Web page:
As Blue Jays finalize wild card roster, in-game tactics take center stage
TORONTO — Because a three-game streak brings a lot more urgency than a 162-game streak, there may be times when Toronto Blue Jays interim manager John Schneider manages this wildcard streak. weekend against the Seattle Mariners a little differently.
Of course, revealing such plans would be foolish because the Mariners are most certainly listening.
“I don’t want to reveal any secrets,” Schneider joked Thursday afternoon at the Rogers Center. “The main theme is to find benefits. Whether it’s defensively, offensively or on the pitching side, we will continue to do so. But at the same time, trust the incredible amount of talent we have.
“If there is a place where we could (gain) a little advantage, we will take it,” added Schneider. “In the game, you watch the game unfold.”
Once the wildcard streak begins at 4:07 p.m. ET on Friday, the Blue Jays must adapt to the demands of the streak ahead of them, which could mean making decisions more proactively than usual. With days off on either side of the series, 12 or 13 pitchers available, and little room for error, there’s no reason to let struggling pitchers stay on the mound for long. At this time of year, it’s often better to retire a pitcher too early than a batter too late.
In that sense, the Blue Jays need to be open to using their pitchers in ways they wouldn’t on May 15 or August 10. For example, could Jordan Romano be asked to register six outs? Could Tim Mayza pitch in the fifth inning? Could Jose Berrios throw in relief? Why not (an even more drastic pitching rollout might be needed later in October, but we’ll save the Alek Manoah-out-of-the-bullpen speculation for then).
Beyond Manoah in Game 1, the Blue Jays haven’t announced their rotation plans, preferring to remain flexible depending on whether Kevin Gausman’s cut to his right middle finger heals and – possibly – the outcome of the match. opening of the series. While using Ross Stripling on Saturday might be tempting if the Blue Jays win Game 1, Gausman might be more likely to pitch after a Game 1 loss.
As Schneider said, “It’s good to have options.”
First step for the Blue Jays? Sending their list of 26 jokers to the commissioner’s office by 10 a.m. ET Friday morning. On that front, significant questions remain, as the status of Lourdes Gurriel Jr. and Santiago Espinal remains uncertain. As such, their potential replacements also remain in limbo.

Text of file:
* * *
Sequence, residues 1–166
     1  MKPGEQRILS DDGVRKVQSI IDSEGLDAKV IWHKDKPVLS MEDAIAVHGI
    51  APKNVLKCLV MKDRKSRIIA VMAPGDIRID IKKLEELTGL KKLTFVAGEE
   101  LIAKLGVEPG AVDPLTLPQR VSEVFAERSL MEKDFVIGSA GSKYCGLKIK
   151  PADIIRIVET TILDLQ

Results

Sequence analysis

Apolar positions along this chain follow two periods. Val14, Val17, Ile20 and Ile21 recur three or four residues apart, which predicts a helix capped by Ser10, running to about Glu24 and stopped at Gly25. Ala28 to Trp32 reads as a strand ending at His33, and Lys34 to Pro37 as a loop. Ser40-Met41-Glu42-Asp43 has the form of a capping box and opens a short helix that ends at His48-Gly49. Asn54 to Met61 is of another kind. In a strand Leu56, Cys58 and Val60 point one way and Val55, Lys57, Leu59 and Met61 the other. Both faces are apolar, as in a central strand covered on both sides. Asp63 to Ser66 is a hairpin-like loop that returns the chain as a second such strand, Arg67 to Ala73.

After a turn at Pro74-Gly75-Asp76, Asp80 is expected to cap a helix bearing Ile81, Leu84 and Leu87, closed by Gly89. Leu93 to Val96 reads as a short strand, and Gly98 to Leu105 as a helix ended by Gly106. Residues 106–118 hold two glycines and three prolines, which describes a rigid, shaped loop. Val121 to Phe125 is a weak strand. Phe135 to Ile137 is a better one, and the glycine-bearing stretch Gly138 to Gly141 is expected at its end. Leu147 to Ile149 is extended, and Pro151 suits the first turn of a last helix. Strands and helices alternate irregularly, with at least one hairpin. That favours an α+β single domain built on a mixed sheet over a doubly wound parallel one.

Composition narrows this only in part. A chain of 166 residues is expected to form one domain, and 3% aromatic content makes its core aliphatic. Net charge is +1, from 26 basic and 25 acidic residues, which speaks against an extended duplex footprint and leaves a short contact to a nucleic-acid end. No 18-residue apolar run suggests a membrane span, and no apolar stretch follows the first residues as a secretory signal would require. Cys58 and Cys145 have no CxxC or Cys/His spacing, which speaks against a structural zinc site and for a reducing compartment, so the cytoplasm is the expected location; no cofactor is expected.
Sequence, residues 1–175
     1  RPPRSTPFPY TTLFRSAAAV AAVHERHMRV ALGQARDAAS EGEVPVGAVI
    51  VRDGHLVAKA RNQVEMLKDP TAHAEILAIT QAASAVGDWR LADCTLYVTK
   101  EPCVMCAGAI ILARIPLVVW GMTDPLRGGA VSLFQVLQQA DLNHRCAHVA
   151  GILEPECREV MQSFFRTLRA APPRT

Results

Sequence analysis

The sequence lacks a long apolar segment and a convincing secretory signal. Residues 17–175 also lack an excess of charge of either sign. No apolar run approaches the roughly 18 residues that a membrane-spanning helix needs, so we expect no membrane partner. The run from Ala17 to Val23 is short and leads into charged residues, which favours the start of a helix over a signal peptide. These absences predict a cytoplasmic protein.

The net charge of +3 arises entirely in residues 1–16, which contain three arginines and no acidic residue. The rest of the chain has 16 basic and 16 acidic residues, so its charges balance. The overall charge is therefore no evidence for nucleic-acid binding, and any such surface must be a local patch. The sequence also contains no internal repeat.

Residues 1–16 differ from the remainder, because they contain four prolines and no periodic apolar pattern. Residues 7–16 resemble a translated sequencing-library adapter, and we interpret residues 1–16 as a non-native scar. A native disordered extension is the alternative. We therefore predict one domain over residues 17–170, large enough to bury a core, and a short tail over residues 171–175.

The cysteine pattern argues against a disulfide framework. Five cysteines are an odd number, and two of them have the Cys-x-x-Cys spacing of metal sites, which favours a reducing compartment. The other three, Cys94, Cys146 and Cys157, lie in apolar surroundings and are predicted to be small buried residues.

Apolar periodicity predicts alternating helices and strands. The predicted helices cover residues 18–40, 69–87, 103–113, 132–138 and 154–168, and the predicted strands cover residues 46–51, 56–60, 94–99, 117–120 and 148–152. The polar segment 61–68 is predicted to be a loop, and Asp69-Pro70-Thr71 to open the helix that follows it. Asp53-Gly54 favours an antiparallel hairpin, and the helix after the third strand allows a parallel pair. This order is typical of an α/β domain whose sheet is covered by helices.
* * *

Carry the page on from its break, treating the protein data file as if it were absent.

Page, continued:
As of Thursday afternoon, the Blue Jays were actively considering numerous scenarios, including taking 13 pitchers – the maximum allowed. And while it’s never easy to find room for three receivers, Gabriel Moreno finished the season strong with his first career home run on Wednesday and would provide the Blue Jays with some valuable late-game flexibility.
“Several different scenarios whether it’s hitting or running,” said general manager Ross Atkins. “One of the biggest challenges that I guess stands in the way of adding a third receiver is success and offensive ability (Alejandro Kirk and Danny Jansen).”
By Friday morning, we’ll know for sure how the Blue Jays will set up their roster. In the meantime, here’s my best guess…
Post players (13)
Danny Jansen, C.
Alejandro Kirk, C.
Vladimir Guerrero Jr., 1B
Cavan Biggio, 2B
Santiago Espinal, 2B
Matt Chapman, 3B
Bo Bichette, SS
George Springer, CF
Teoscar Hernandez, RF
Lourdes Gurriel Jr., LF
Jackie Bradley Jr., OF
Raimel Tapia, DE
Whit Merrifield, Util
Alek Manoah, RHP
Kevin Gausman, RHP
Ross Stripling, RHP
Jose Berrios, RHP
Jordan Romano, RHP
Yimi Garcia, RHP
Tim Mayza, LHP
Anthony Bass, RHP
Adam Cimber, RHP
Trevor Richards, RHP
David Phelps, RHP
Zach Pop, RHP
Yusei Kikuchi, LHP
Notable omissions: RHP Mitch White (now ineligible after being optioned), RHP Julian Merryweather, RHP Nate Pearson, C Gabriel Moreno, OF Bradley Zimmer
When the Blue Jays used Yusei Kikuchi for just 18 shots on Thursday, it was an indication they didn’t want to overwork him heading into the weekend. The southpaw finished strong, with 10 strikeouts to just two walks and one hit over his last 6.1 innings spanning four appearances. Will it launch high leverage? Probably not if the Blue Jays can help it. But against a Mariners team that has a lot of left-handed hitters and switch hitters, he makes sense.
This version of the list assumes the health of Gurriel Jr. and Espinal, who both appeared relatively comfortable during field practice at Rogers Center on Thursday. Although neither has hit in a game in weeks, Espinal offers late-game defense at second and insurance behind Bo Bichette at shortstop. As for Gurriel Jr., he could be attractive as a pinch option even though his hamstring is still healing.
That would likely push Bradley Zimmer off the roster, limiting Schneider’s defense late in the game, but with Jackie Bradley Jr., the Blue Jays still have a hand to play on that front. Finding room for Moreno would be ideal, but carrying extra arms like Kikuchi and Zach Pop may prove more appealing.
Somehow, however, the Blue Jays have the core of their roster in place. And for all the debate over who belongs on the edges of the roster, it’s likely the core of that team that will determine whether the Blue Jays playoff series can continue next week in Houston.